Two new studies link hunting to lead in scavenger birds

Apr 07, 2011
One study, the first to examine the effects of the 2008 law on any wild animals, found that the lead-ammunition ban in California condor range reduced lead exposure in golden eagles such as the one being readied for release by Nick Todd. (Terra Kelly/photo)

(PhysOrg.com) -- Two new UC Davis studies add scientific evidence that hunters’ lead ammunition often finds its way into carrion-eating birds, such as eagles and turkey vultures.

These scavenger species often take advantage of animal remains left behind when a hunter cleans a kill or when a shot deer or wild pig escapes the hunter but dies later.

However, when the remains contain lead shot pellets or bullet fragments, the scavenger birds can develop lead poisoning, which can cause inability to fly, starvation, anemia, blindness, seizures and death.

In 1991, to protect bald eagles, lead ammunition was banned in the United States for waterfowl. In 2008, to protect California condors, lead ammunition was similarly banned in California condor range for most hunting activities.

One of the new UC Davis studies found direct evidence that lead levels rose in turkey vultures during deer hunts and in areas with wild pig hunts. This was the first-ever investigation of blood lead levels in free-flying turkey vultures.

The other study, the first to examine the effects of the 2008 law on any wild animals, found that the lead-ammunition ban in California condor range reduced lead exposure in golden eagles and turkey vultures in 2009.

The studies were led by Christine Johnson, a UC Davis associate professor of veterinary medicine and an expert on wildlife health, and her doctoral student Terra Kelly, a wildlife veterinarian earning a Ph.D. in epidemiology.

“Hunting is an irreplaceable tool for wildlife management,” said Johnson, “especially now that we have fewer large predators but more invasive species like wild pigs. Yet we know that accidental consumption of lead can make animals and people sick.

“It just makes good sense to use non-toxic ammunition, wherever it is available, to protect wildlife as well as eliminate any potential risk to hunters and their families,” she concluded.

Both studies were funded by the California Department of Fish and Game. They were published online today by the journal PLoS ONE.

Kelly and Johnson are the authors on the study investigating lead exposure in turkey vultures. Their co-authors on the study to evaluate the impact of the lead ammunition ban are: UC Davis research technician Yvette Hernandez, wildlife toxicologist Robert Poppenga and wildlife health expert Walter Boyce; Peter Bloom, a raptor biologist with the University of Idaho; and Steve Torres, a wildlife expert with the California Department of Fish and Game.

Next month, Johnson and Kelly (who is now a UC Davis Wildlife Health Center veterinarian) will begin a similar study to investigate the impacts of ongoing on the endangered California condor population. They will collaborate with researchers at UC Santa Cruz; Ventana Wildlife Society; California Department of Fish and Game; and the United States National Park Service, Fish and Wildlife Service, and Geological Survey. The study will be funded by a $750,000 grant from the Fish and Service’s Endangered Species Act (Section 6) Program to the Department of Fish and Game -- the largest Section 6 grant in the state’s history.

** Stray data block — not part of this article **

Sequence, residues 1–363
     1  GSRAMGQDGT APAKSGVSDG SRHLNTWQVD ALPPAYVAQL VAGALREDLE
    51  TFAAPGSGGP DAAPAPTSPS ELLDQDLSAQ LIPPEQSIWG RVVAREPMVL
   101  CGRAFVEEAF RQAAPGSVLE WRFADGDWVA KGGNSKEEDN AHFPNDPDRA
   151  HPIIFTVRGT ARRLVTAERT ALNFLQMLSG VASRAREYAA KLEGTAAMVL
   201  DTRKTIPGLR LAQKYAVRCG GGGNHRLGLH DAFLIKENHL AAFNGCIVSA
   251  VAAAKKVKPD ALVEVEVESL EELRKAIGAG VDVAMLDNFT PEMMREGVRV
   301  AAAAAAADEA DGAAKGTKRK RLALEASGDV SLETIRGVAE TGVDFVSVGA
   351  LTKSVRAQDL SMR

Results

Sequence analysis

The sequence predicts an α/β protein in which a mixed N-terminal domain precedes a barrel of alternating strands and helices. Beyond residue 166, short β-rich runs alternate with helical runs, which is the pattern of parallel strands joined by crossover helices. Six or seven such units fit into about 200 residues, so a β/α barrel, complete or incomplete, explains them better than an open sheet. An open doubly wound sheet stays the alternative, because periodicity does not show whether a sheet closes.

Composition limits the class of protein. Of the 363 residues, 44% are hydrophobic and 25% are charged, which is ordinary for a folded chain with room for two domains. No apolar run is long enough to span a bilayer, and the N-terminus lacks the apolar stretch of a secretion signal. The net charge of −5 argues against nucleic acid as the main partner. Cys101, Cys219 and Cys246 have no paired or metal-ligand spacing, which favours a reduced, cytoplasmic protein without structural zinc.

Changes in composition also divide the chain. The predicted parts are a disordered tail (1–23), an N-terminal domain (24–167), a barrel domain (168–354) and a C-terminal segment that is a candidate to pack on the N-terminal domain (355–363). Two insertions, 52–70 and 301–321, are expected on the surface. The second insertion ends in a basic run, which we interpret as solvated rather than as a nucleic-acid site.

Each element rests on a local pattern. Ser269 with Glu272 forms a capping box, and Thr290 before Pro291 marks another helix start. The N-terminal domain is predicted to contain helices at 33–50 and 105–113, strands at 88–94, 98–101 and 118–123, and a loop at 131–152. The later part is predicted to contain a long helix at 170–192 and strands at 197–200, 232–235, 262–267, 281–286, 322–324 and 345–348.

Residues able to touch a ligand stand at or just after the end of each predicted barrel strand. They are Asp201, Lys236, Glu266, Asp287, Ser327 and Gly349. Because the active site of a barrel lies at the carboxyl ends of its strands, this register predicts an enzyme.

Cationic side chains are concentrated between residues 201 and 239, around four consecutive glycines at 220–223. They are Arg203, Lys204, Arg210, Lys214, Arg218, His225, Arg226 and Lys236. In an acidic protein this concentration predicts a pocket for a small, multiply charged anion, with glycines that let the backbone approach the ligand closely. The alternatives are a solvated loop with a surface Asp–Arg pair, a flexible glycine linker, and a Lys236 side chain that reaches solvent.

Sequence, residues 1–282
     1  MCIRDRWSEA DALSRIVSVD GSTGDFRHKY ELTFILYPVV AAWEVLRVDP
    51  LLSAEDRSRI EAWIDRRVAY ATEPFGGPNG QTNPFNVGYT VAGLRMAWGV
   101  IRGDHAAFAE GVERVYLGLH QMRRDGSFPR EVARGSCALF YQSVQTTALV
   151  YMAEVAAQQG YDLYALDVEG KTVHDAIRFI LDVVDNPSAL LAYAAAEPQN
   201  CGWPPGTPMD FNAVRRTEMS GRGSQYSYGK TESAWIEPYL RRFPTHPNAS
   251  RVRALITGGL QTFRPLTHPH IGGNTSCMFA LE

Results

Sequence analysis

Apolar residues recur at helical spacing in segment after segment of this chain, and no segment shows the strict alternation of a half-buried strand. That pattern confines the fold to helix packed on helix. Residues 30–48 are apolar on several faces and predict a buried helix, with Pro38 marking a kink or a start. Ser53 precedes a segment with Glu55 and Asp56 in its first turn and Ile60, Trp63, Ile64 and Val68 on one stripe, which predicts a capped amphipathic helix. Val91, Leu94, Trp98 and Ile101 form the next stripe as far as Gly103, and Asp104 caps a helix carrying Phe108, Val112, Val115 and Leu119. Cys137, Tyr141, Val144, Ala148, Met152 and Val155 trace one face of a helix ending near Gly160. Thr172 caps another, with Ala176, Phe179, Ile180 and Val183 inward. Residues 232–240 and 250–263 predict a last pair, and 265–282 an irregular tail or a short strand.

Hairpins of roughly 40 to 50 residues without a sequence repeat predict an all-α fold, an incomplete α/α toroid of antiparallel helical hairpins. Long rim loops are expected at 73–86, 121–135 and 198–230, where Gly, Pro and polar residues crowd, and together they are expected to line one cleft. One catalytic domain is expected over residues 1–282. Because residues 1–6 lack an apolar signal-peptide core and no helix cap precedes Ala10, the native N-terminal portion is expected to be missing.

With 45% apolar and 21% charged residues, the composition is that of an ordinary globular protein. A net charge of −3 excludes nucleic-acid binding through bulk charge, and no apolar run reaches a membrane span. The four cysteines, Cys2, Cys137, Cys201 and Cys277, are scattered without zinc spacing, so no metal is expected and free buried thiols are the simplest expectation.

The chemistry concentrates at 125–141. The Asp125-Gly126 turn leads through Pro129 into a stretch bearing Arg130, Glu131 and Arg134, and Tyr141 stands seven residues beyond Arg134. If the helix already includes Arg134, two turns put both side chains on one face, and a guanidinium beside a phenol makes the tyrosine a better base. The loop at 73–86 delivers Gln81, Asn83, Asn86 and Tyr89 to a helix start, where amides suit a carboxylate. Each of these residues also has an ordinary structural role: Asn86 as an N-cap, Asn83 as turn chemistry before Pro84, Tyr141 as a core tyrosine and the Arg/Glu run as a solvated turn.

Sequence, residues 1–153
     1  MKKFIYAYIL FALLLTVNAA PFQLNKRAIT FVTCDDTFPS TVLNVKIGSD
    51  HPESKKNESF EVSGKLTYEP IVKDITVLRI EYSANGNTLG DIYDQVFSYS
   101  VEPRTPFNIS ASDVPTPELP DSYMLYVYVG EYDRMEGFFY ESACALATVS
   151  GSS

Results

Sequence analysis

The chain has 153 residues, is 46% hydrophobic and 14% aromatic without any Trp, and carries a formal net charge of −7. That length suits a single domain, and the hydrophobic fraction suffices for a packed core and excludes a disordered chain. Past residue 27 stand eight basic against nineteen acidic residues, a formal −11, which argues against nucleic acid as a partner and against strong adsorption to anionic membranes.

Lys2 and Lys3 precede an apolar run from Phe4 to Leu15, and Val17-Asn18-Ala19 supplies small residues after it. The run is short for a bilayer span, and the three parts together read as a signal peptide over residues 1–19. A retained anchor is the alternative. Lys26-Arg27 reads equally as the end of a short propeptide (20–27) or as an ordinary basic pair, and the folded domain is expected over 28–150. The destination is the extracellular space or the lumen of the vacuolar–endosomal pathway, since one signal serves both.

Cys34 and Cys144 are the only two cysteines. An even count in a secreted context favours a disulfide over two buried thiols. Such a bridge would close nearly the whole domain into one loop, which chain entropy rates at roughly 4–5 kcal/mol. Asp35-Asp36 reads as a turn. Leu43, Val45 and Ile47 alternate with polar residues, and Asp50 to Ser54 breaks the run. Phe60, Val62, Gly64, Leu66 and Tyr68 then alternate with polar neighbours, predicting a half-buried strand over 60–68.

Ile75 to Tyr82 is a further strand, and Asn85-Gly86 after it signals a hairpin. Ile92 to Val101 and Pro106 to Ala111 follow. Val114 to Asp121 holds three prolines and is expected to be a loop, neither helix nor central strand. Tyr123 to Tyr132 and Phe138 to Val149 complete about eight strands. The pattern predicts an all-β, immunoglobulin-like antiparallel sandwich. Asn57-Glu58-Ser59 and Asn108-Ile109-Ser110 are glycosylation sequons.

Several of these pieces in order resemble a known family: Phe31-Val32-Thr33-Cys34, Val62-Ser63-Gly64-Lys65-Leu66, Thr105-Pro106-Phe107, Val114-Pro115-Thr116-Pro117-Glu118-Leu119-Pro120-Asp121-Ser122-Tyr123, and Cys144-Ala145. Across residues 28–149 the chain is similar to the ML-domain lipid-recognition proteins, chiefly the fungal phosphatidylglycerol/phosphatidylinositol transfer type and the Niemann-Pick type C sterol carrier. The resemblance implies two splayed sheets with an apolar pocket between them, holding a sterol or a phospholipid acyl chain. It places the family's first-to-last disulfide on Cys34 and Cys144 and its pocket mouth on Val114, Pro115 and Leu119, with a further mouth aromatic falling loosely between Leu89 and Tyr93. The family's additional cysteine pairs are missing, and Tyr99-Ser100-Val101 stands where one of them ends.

Explore further: How DNA is helping us fight back against pest invasions

More information: www.plosone.org/article/info%3Adoi%2F10.1371%2Fjournal.pone.0015350 and www.plosone.org/article/info%3Adoi%2F10.1371%2Fjournal.pone.0017656

Related Stories

Bald Eagles no longer endangered

Dec 26, 2006

The U.S. Fish and Wildlife Service in Washington announced the bald eagle will be officially taken off the endangered species list in February.

Sea Otters' Diet is Clue to Slow Recovery

Feb 12, 2009

(PhysOrg.com) -- UC Davis researchers trying to understand the sea otter's slow recovery in California have found an important clue: Some sea otters feed almost exclusively on animals that raise their risk of being infected ...

Recommended for you

How DNA is helping us fight back against pest invasions

12 minutes ago

They are the original globe trekkers. From spiders bunking along with humanity's spread into south-eastern Asia, to sea squirts hopping on military craft returning after the Korean War, invasive species have enveloped the globe. ...

Conservation theory gets mathematical treatment

1 hour ago

Theories used for the last four decades as a tool to guide the conservation of flora and fauna may have misinterpreted the biological reality, according to new research by mathematicians at the University ...

Ecuador seizes 200,000 shark fins

2 hours ago

Ecuador seized around 200,000 shark fins and arrested three suspected traffickers at the country's main fishing port, the government said Wednesday.

User comments : 0

Please sign in to add a comment. Registration is free, and takes less than a minute. Read more

Click here to reset your password.
Sign in to get notified via email when new comments are made.